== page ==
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Research Papers

Computational Study of a Midpassage Gap and Upstream Slot on Vane Endwall Film-Cooling

[+] Author and Article Information
Satoshi Hada

Department of Gas Turbine Engineering, Mitsubishi Heavy Industries, Ltd., Takasago, Hyogo, 676-8686, Japan

Karen A. Thole

Department of Mechanical and Nuclear Engineering, Pennsylvania State University, University Park, PA 16802

J. Turbomach 133(1), 011024 (Sep 24, 2010) (9 pages) doi:10.1115/1.4001135 History: Received September 21, 2008; Revised December 14, 2009; Published September 24, 2010; Online September 24, 2010

Turbines are designed to operate with high inlet temperatures to improve engine performance. To reduce NOx resulting from combustion, designs for combustors attempt to achieve flat pattern factors that results in high levels of heat transfer to the endwall of the first stage vane. Film-cooling is still one of the most effective cooling methods for many component features including the endwall. This paper presents results from a computational study of a film-cooled endwall. The endwall design considers both an upstream slot, representing the combustor—turbine junction, and a midpassage slot, representing the mating between the adjacent vanes. The focus of this study is on comparing adiabatic effectiveness levels on the endwall with varying leakage flowrates and gap widths. Results indicate reasonable agreement between computational predictions and experimental measurements of adiabatic effectiveness levels along the endwall. The results of this study show that the midpassage slot has a large influence on the coolant coverage. It was also shown that by raising the combustor relative to the downstream vane endwall, better coolant coverage from the combustor-turbine slot could be achieved.

Copyright © 2011 by American Society of Mechanical Engineers
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References

Figures

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Figure 1

Directions of the coolant hole injection, the upstream slot location, the midpassage gap location and investigated planes for secondary flow analysis

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Figure 2

Cross section view of the midpassage gap plenum and accompanying seal strip (see Table 1)

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Figure 3

Endwall configurations showing the four alignment modes for two adjacent vane platforms: (a) case where all surfaces are flush, (b) cascade case (the suction surface is lower than pressure and combustor surfaces), (c) cascade case (the suction surface is lower than the pressure surface but at the same length height as the combustor surface), (d) combustor surface is higher than the suction and pressure surfaces, and (e) dam case (suction surface is higher than pressure and combustor surfaces)

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Figure 4

Computational mesh including the coolant cavity, the upstream contraction area, and the exit area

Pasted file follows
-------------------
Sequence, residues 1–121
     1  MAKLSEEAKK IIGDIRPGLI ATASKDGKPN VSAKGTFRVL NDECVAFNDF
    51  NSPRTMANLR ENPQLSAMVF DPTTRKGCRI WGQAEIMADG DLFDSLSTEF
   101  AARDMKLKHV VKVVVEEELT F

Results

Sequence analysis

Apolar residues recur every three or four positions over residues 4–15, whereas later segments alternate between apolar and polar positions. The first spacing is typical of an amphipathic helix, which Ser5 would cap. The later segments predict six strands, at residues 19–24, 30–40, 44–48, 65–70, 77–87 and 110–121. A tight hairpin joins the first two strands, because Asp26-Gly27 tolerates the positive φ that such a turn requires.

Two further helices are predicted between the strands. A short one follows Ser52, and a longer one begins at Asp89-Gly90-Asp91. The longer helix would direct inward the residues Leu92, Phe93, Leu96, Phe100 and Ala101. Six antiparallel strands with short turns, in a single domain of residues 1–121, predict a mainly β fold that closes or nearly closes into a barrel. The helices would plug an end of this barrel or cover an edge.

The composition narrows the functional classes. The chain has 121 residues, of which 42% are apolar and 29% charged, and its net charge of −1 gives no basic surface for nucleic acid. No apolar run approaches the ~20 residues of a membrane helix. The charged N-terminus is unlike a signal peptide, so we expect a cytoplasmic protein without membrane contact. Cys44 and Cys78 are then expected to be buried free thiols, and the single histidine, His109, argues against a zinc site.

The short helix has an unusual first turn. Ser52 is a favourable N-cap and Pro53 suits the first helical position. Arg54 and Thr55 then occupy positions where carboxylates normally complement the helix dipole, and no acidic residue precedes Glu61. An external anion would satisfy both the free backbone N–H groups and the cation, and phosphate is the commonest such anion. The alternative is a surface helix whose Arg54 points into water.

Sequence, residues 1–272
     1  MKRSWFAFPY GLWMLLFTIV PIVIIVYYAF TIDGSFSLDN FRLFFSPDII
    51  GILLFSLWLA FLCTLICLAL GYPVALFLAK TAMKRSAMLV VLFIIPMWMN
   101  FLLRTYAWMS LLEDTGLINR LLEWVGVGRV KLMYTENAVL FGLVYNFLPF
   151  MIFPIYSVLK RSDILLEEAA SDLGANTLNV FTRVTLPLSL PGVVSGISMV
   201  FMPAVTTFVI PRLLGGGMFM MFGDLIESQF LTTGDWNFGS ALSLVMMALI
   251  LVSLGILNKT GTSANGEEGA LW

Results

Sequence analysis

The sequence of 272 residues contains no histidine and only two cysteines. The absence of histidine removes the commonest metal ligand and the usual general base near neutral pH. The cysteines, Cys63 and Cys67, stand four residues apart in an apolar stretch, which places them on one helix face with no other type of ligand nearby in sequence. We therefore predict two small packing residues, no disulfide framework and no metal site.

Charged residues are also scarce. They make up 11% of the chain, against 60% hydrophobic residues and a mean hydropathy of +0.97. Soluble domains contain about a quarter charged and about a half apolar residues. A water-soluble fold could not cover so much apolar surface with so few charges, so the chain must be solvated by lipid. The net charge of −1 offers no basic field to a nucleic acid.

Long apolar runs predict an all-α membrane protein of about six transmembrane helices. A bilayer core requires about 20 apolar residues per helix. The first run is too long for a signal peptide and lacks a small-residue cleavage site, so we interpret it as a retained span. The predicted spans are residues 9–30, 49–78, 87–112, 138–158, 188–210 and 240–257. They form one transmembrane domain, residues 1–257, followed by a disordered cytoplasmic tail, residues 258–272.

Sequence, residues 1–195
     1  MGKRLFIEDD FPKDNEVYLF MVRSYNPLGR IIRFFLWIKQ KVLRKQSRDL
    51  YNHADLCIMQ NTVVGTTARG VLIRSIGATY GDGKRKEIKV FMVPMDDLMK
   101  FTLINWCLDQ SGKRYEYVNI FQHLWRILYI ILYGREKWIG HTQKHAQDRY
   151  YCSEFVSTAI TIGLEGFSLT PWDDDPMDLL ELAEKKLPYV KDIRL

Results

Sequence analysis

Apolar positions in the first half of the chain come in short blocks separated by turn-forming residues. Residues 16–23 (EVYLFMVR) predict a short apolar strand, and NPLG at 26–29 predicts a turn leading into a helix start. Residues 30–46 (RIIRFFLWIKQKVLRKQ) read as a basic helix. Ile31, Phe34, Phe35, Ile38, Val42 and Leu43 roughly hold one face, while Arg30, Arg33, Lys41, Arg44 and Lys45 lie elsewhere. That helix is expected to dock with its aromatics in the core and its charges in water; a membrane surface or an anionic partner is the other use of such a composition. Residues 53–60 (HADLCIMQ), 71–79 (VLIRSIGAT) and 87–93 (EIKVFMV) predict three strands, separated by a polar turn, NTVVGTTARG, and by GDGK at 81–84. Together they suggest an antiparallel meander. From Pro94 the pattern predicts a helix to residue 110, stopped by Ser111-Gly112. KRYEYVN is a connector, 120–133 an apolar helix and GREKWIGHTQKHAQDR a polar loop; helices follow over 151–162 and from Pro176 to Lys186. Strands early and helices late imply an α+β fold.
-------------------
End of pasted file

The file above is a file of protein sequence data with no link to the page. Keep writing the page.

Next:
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Figure 5

Contours of adiabatic effectiveness on the endwall for experimental results (a) and (b) without midpassage gap (19) and for computational results (c) with (d) without midpassage gap

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Figure 6

Computational and experimental pitch-averaged effectiveness with and without midpassage gap

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Figure 7

Computational results of the adiabatic effectiveness along the streamtrace (0.5P) shown in Fig. 1 without and with midpassage gap flowing at 0.0125% (case 2)

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Figure 8

The exiting velocity distribution along the midpassage gap for an aligned endwall (case 2)

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Figure 9

Secondary flow vector and non dimensional thermal field for the secondary flow plane (x/L=40%) for (a) no midpassage gap and (b) with midpassage gap

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Figure 10

Secondary flow vector and nondimensional thermal field for the secondary flow plane (x/L=60%) for (a) no midpassage gap and (b) with a midpassage gap

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Figure 11

Contours of adiabatic effectiveness on the endwall for computational results for (a) 0.0125% midpassage gap flow, (b) 0.3% midpassage gap flow, (c) 0.3% midpassage gap flow with 0.33 seal strip gap, and (d) 0.3% midpassage gap flow with 0.11 seal gap

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Figure 12

Nondimensional velocity distribution at the exit of the midpassage gap for cases 2–5

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Figure 13

Nondimensional temperature comparison along midpassage gap for cases 2–5

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Figure 14

Velocity contour and nondimensional thermal field in the midpassage gap for (a) 0.0125% midpassage gap flow with original seal strip gap (case 2) and (b) 0.3% with 0.11 seal strip gap (case 5)

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Figure 15

Contours of adiabatic effectiveness on the endwall for (a) case 6—cascade with suction side down (Fig. 3), (b) case 7—cascade with pressure side up (Fig. 3), (c) case 8—cascade with combustor-up and midpassage flush (Fig. 3), and (d) case 9—dam with suction side up (Fig. 3, note that U̱ refers to raised side and Ḏ refers to lowered side)

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Figure 16

(a) Suction side and (b) pressure side pitchwise average of the adiabatic effectiveness for flush and four misalignment cases

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